UCL combating tinnitus
2 February 2004
UCL is collaborating with the British Tinnitus Association (BTA) to establish a groundbreaking research group into the common but incurable hearing condition Tinnitus.
The two organisations are working to raise the £1.75million needed to appoint the UK's first-ever Chair in Tinnitus Research. The post holder will direct a research group at UCL's Ear Institute, a new national centre for the study of hearing and deafness, which will bring together the largest number of auditory researchers in a UK university.
The symptom of tinnitus is a constant ringing in the ears, which can vary from a slight annoyance for a few minutes to unbearable, severe ringing caused by exposure to noise. 25% of the UK population experience it at some point in their lives, although the condition has received little scientific attention until recently.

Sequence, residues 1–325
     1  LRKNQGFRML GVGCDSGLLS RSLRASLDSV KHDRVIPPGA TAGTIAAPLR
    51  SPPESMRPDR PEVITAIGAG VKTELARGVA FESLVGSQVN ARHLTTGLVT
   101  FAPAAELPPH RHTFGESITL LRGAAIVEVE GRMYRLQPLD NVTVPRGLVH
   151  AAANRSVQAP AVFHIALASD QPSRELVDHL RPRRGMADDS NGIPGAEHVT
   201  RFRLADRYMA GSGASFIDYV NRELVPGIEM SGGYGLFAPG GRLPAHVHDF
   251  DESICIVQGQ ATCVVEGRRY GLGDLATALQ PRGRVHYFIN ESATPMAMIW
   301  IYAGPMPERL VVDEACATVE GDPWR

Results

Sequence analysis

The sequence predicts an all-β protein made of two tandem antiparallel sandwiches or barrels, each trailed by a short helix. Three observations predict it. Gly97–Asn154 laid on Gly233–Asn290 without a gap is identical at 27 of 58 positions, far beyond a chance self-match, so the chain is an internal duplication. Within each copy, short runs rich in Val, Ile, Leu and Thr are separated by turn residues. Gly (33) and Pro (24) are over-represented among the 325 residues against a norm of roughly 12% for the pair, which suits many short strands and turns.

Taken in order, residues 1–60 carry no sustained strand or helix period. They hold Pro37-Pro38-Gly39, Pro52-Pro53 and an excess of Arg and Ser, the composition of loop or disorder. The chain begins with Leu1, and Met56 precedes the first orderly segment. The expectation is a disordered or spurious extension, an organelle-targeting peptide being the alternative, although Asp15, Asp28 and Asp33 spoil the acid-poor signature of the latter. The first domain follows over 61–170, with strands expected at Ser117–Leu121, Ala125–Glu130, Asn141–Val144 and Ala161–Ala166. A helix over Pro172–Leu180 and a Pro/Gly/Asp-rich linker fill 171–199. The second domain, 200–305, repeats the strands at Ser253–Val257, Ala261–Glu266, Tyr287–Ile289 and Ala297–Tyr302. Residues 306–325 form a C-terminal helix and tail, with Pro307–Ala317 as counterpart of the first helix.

Professor Jonathan Ashmore, Director of the institute, said: "There are so many new discoveries that hint at tinnitus being a 'solvable' problem, and partly for this reason, it is rapidly rising up the priority list in medical research. The creation of this appointment means that we could move rapidly towards a true understanding and treatment of tinnitus."
The Ear Institute is due to open its doors in March 2004, creating a cross-disciplinary group that will concentrate on auditory and vestibular (balance) systems. Its close proximity to the Royal National Throat, Nose & Ear Hospital will facilitate the transfer of research into clinical practice. The Wolfson Foundation has recently donated £1million to enable the institute to create a laboratory of cellular imaging.
To find out more about the institute, use the link below.
Link: UCL's Ear Institute